Filing 132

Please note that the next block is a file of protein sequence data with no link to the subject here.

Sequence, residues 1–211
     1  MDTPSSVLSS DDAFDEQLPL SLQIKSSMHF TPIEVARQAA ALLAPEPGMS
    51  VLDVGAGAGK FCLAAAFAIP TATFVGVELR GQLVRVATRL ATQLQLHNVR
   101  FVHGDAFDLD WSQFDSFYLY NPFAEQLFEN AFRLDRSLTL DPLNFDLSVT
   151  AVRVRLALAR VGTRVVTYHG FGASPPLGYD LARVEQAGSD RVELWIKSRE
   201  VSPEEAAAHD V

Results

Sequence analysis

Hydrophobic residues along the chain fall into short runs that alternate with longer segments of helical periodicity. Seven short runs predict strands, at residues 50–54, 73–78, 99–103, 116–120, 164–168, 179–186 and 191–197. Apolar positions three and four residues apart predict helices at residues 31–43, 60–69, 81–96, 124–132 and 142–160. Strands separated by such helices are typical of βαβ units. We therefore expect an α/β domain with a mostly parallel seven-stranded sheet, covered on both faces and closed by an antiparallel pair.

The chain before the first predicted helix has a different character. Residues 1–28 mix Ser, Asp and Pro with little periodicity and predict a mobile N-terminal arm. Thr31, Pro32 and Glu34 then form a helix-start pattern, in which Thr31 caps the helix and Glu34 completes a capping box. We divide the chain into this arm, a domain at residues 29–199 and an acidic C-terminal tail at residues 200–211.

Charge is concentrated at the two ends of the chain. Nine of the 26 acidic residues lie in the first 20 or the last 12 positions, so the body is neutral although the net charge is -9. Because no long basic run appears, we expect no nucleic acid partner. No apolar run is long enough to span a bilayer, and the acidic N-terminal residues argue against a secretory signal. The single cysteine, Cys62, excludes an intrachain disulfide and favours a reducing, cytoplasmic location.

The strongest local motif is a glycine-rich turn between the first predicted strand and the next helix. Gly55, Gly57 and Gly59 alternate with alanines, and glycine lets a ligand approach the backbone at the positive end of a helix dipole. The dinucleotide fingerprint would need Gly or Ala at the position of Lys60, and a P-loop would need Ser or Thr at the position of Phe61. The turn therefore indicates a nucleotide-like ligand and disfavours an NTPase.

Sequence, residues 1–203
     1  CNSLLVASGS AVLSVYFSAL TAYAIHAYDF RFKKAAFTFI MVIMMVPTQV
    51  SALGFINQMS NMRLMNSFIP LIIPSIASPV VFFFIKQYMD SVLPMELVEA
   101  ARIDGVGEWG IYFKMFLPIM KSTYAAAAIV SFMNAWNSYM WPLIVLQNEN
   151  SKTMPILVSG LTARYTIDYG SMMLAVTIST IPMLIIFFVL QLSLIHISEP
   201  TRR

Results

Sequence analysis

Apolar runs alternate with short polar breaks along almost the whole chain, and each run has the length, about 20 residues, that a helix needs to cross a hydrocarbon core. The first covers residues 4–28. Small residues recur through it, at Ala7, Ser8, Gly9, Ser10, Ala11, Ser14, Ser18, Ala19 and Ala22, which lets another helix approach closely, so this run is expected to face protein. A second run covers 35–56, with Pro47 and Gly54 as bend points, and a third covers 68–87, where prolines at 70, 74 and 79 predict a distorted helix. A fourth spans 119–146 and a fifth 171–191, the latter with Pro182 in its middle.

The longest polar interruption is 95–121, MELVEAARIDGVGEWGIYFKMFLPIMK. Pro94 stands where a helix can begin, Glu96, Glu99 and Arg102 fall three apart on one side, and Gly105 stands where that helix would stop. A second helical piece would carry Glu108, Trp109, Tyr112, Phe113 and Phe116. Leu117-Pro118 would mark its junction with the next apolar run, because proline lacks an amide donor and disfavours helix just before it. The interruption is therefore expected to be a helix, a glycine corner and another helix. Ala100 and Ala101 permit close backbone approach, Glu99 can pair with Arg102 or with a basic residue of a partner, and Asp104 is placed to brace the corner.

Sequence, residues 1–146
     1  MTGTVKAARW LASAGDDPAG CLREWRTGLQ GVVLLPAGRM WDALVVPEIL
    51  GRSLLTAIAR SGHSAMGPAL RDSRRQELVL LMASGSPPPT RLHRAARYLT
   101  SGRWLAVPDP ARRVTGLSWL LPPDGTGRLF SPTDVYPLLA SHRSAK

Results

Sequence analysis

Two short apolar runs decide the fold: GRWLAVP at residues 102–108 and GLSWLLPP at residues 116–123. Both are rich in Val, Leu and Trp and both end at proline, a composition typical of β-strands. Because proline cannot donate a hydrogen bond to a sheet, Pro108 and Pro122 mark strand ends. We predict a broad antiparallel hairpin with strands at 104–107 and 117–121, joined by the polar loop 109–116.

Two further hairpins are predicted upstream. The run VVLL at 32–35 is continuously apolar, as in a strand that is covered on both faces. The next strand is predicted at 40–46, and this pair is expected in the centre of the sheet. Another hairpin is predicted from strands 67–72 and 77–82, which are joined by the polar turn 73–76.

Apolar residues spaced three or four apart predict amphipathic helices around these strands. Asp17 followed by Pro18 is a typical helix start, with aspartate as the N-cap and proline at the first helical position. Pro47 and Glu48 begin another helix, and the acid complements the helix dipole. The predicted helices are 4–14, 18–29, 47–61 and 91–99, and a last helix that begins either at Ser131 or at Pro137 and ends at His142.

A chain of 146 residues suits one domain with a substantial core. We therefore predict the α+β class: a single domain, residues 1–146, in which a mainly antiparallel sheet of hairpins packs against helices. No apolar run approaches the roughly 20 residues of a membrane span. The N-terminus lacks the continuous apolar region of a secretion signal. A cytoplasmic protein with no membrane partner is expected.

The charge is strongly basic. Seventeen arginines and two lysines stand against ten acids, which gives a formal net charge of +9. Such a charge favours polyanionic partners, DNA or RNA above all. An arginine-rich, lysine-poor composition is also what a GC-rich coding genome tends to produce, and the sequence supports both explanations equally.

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IN THE UNITED STATES DISTRICT COURT FOR THE EASTERN DISTRICT OF PENNSYLVANIA DUNKIN’ DONUTS FRANCHISING, LLC, et al., Plaintiffs, : : : : v. : : CLAUDIA I, LLC et al., : Defendants, : : and : : CLAUDIA I, LLC et al., : Third Party Plaintiffs, : v. : : SPRING HILL REALTY, INC., : Third Party Defendant. : CIVIL ACTION No. 12-2010 MEMORANDUM MCHUGH, J. DECEMBER 12, 2014 Overview The parties in this case have filed several briefs disputing the attorneys’ fees to be awarded following this Court’s October 20, 2014 decision on the merits of the parties’ claims. The Plaintiffs (collectively, “Dunkin’”) filed a motion seeking “an award of counsel fees and expenses of $203,803.34” against the Defendants (hereinafter “Claudia I”). Declaration of Craig R. Tractenberg ¶ 4. The Third Party Defendant Spring Hill Realty filed its own motion seeking an award of $63,257.33 against the Defendants/Third Party Plaintiffs. Certification of Joshua J. Knapp ¶ 3. 1 The Defendants responded in opposition to both requests. Claudia I argued that the amount of Dunkin’s request was unreasonable because the billing rate of Dunkin’s lead attorney was much higher than the rate Spring Hill’s lead attorney charged. Claudia I also contested whether Spring Hill should be able to recover any fees from Claudia I at all. Claudia I pointed out that Spring Hill maintained it had no contractual privity with Claudia I throughout the litigation. According to Claudia I, Spring Hill should not now be able to argue that Claudia I is bound by any indemnity agreement in Spring Hill’s Prime Lease with Dunkin’. Dunkin’, anticipating Spring Hill’s next motion, then filed a brief arguing that Dunkin’ should not be required to pay Spring Hill’s legal fees. The indemnity agreements between Dunkin’ and Spring Hill, according to Dunkin’, did not allow Spring Hill to recover fees in the current circumstances. Finally, Spring Hill filed a motion making two arguments. First, Spring Hill offered the argument that the Prime Lease between Spring Hill and Dunkin’ obligate Dunkin’ to pay Spring Hill’s legal fees. Second, Spring Hill asked the Court, if it finds contractual privity between Spring Hill and Claudia I, to impose Spring Hill’s fees on Claudia I. Dunkin’s Request for Fees Claudia I contests the reasonableness of the fees Dunkin’ claims. Dunkin’ claims a total of $203,803.34 in fees and expenses. These fees and expenses include an hourly rate for Dunkin’s lead attorney of $495 an hour. Claudia I insists this rate is excessive in relation to the scope of the case. Instead, Claudia I asks the court to limit Dunkin’ to recovering fees based on the rate that Spring Hill’s counsel charged his client—$177.19 per hour. 2 I find that Dunkin’s rate is reasonable. “Generally, a reasonable hourly rate is to be calculated according to the prevailing market rates in the relevant community.” Rode v. Dellarciprete, 892 F.2d 1177, 1183 (3d Cir. 1990). Dunkin’ argued convincingly that this rate is a fair market rate. The fact that Dunkin’s lawyer charged Dunkin’ more than Spring Hill’s lawyer charged Spring Hill and Spring Hill still prevailed does not mean that Dunkin’s lawyer should have charged a much lower rate. Dunkin’ is an international corporation operating in approximately 30 countries. Its trademark and business reputation are at the heart of its operations. As such, Dunkin’ is entitled to retain counsel of their choice. Here, Dunkin’ chose to retain both a firm and a lawyer with vast experience in franchise law and trademark protection, headquartered in New York City, and operating internationally. The hourly rate charged, $495, is entirely reasonable for representation of that caliber. I decline Claudia I’s request to require Dunkin’ “to provide an itemization of the number of attorney hours spent on this matter so that we may calculate the actual amount due for reasonable counsel fees using the hourly rate of $177.19 per hour.” Claudia I’s Opposition to the Parties’ Applications for Counsel Fees. ¶ 22. Dunkin’s Motion for an Award of Counsel Fees, filed almost two weeks before Claudia I filed its opposition, included over one hundred pages of invoices detailing its fee calculation. Furthermore, requiring additional calculations would serve no purpose because I find Dunkin’s hourly rate is reasonable and does not need to be recalculated. Accordingly, I will grant Dunkin’s request for $203,803.34 in fees and expenses against Claudia I. 3 Spring Hill’s Request for Fees There are three clauses in the Prime Lease that relate to indemnity and legal fees, although Spring Hill only argues that one of these entitles it to fees from Dunkin’. Paragraphs 10.7(a) and (b). Mutual Indemnity (a) Tenant shall hold Landlord harmless against any and all claims, damages, suits, expenses (including attorneys fees), or causes of action for damages arising after the Commencement Date resulting from any injury to person or property or loss of life sustained as a result of acts occurring within the Premises, except for a loss arising out of any existing defect or dangerous condition within the Premises at the time the Premises were first occupied by Tenant. The foregoing indemnity in favor of Landlord shall not apply to (i) any injury or damage caused by the gross negligence or willful misconduct of Landlord or Landlord's agents, employees, or contractors, or (ii) any injury or damage Landlord is obligated to insure against by the terms of this Lease. (b) Landlord shall hold Tenant harmless against any and all claims, damages, suits, expenses (including attorneys fees), or causes of action for damages arising after the commencement Date resulting from any injury to person or property or loss of life sustained as a result of acts occurring in or about the Common Areas and the improvements thereon. The foregoing indemnity in favor of Tenant shall not apply to (i) any injury or damage caused by the gross negligence or willful misconduct of Tenant or Tenant's agents, employees, or contractors, or (ii) any injury or damage Tenant is obligated to insure against by the terms of this Lease. Paragraph 20.16. Legal Expenses If either party is required to bring or maintain any action (including assertion of any counterclaim or cross-claim, or claim in a proceeding in bankruptcy, receivership or any other proceeding instituted by a party hereto or by others), the prevailing party in such action shall, in addition to all other payments required herein, receive from the other, all the costs incurred by the prevailing party, including reasonable attorneys' fees. Spring Hill focuses on Paragraph 20.16 and argues this paragraph entitles it to recover legal expenses from Dunkin’ in the present litigation. According to Spring Hill, it was “required to bring or maintain” its defense to Claudia I’s third party complaint, and it was the prevailing party against Claudia I’s claims. 4 Dunkin’ counters that Spring Hill mischaracterizes Paragraph 20.16. Dunkin’ asserts the paragraph, when read in the context of the full lease, is limited to affirmative actions brought by a party to the contract, rather than defenses against third party claims. Moreover, Dunkin’ argues, the paragraph only applies when one party to the contract is the prevailing party against another party to the contract, and Spring Hill did not prevail against Dunkin’. I conclude that I must deny Spring Hill’s request for attorneys’ fees against Dunkin’. Courts must interpret indemnity agreements narrowly. Jacobs Constructors, Inc. v. NPS Energy Servs., Inc., 264 F.3d 365, 371 (3d Cir. 2001) ("Under Pennsylvania law, the court must strictly construe the scope of an indemnity contract against the party seeking indemnification."). Paragraph 20.16 appears to relate to actions between parties to the agreement, giving a party that successfully brings an action against another party to the agreement the right to recover fees from the unsuccessful defendant. In the situation now before me, Dunkin’ and Spring Hill are both prevailing parties against a third entity. The paragraph does not clearly express any agreement for fee shifting in such a situation. I also agree with Claudia I that Spring Hill cannot recover attorneys’ fees from Claudia I. Spring Hill has long maintained it has no contractual relationship with Claudia I. I agree, at least to the extent that Claudia I is not bound by a legal fee shifting agreement in a Prime Lease to which Claudia I has never acceded. This result is consistent with the traditional “American Rule” of litigation, which provides “that each side is responsible for the payment of its own costs and counsel fees” unless some exception, such as a “clear agreement of the parties” applies. McMullen v. Kutz, 603 Pa. 602, 613, 985 A.2d 769, 775 (2009) (citing Lucchino v. Commonwealth, 570 Pa. 277, 282, 809 5 A.2d 264, 267 (2002), and Mosaica Academy Charter School v. Com. Dept. of Educ., 572 Pa. 191, 207, 813 A.2d 813, 822 (2002)). Having found no such clear agreement allowing Spring Hill to shift its legal fees to Dunkin’ or Claudia I, I deny Spring Hill’s request for a fee shifting award. An appropriate order follows. Gerald Austin McHugh, J. United States District Judge 6